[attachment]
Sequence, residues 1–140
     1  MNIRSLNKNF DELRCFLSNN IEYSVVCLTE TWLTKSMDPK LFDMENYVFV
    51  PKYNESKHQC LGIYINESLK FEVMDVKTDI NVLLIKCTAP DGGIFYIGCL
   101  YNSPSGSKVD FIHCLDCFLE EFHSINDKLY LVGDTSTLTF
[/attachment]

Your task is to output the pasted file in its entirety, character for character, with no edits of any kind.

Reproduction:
Sequence, residues 1–140
     1  MNIRSLNKNF DELRCFLSNN IEYSVVCLTE TWLTKSMDPK LFDMENYVFV
    51  PKYNESKHQC LGIYINESLK FEVMDVKTDI NVLLIKCTAP DGGIFYIGCL
   101  YNSPSGSKVD FIHCLDCFLE EFHSINDKLY LVGDTSTLTF